Fortunately for us all, I had more success when it came to cooking with the rhubarb. Because I don't have nearly enough cook books (!!), I decided to buy another, the other day. Seduced by the gorgeous photos of puddings that I'd actually want to eat (and cook), I bought a copy of Annie Bell's mouthwatering 'gorgeous desserts'. In this wonderfully tempting book I found the perfect recipe for a rhubarb and ginger crumble. Ideal comfort food. All that was needed was the custard (for rhubarb simply HAS to have custard, doesn't it?). I just love a proper British pud.
Rhubarb is brilliant with ginger - I've had savoury dishes which combine the two which have also been good. This was one of the best crumbles I've had in a long time and I can't wait to pick up the next batch of rhubarb.
For the original recipe along with dozens of other delectable desserts, do buy the book. Here is my version.Rhubarb and ginger crumble
800g trimmed rhubarb
200g self-raising flour, plus 2 tablespoons
200g demerara sugar
2 knobs stem ginger
100g ground almonds
175g unsalted butter, chilled and diced
1. Pre-heat the oven to 180C. Wash the rhubarb to clean and then chop into 3cm pieces. Roughly chop the ginger.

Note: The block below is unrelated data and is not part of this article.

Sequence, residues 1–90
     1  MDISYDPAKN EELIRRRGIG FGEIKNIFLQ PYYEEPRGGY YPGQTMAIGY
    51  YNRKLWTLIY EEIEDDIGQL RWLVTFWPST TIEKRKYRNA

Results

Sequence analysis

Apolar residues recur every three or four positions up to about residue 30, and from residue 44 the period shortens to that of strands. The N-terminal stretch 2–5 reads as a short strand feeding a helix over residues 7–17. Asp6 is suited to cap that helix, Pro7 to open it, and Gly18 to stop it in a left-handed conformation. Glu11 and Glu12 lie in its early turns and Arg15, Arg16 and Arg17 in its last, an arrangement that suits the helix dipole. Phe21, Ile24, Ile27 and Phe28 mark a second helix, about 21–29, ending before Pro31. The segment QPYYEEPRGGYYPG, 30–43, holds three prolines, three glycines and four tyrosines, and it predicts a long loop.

2. Toss rhubarb in a bowl with the 2 tablespoons flour, half the sugar and the ginger. Arrange over the base of a 2 litre ovenproof dish. Sprinkle over 2 tablespoons of water.
3. Combine flour, remaining sugar, ground almonds and butter using your hands* until it ressembles coarse breadcrumbs.
4. Scatter mixture over the rhubarb and bake for 30-35 minutes until golden and crisp and the juices are bubbling up at the sides.5. Serve with custard.
*You can make crumble in a food processor but I have always found that I get a better result when I rub the mixture together by hand. If you do want to keep your mitts clean, then by all means use the whizzer, but take care to stop the blade before the mixture turns to dough.
Notes - this is also superb cold, eaten straight from the dish!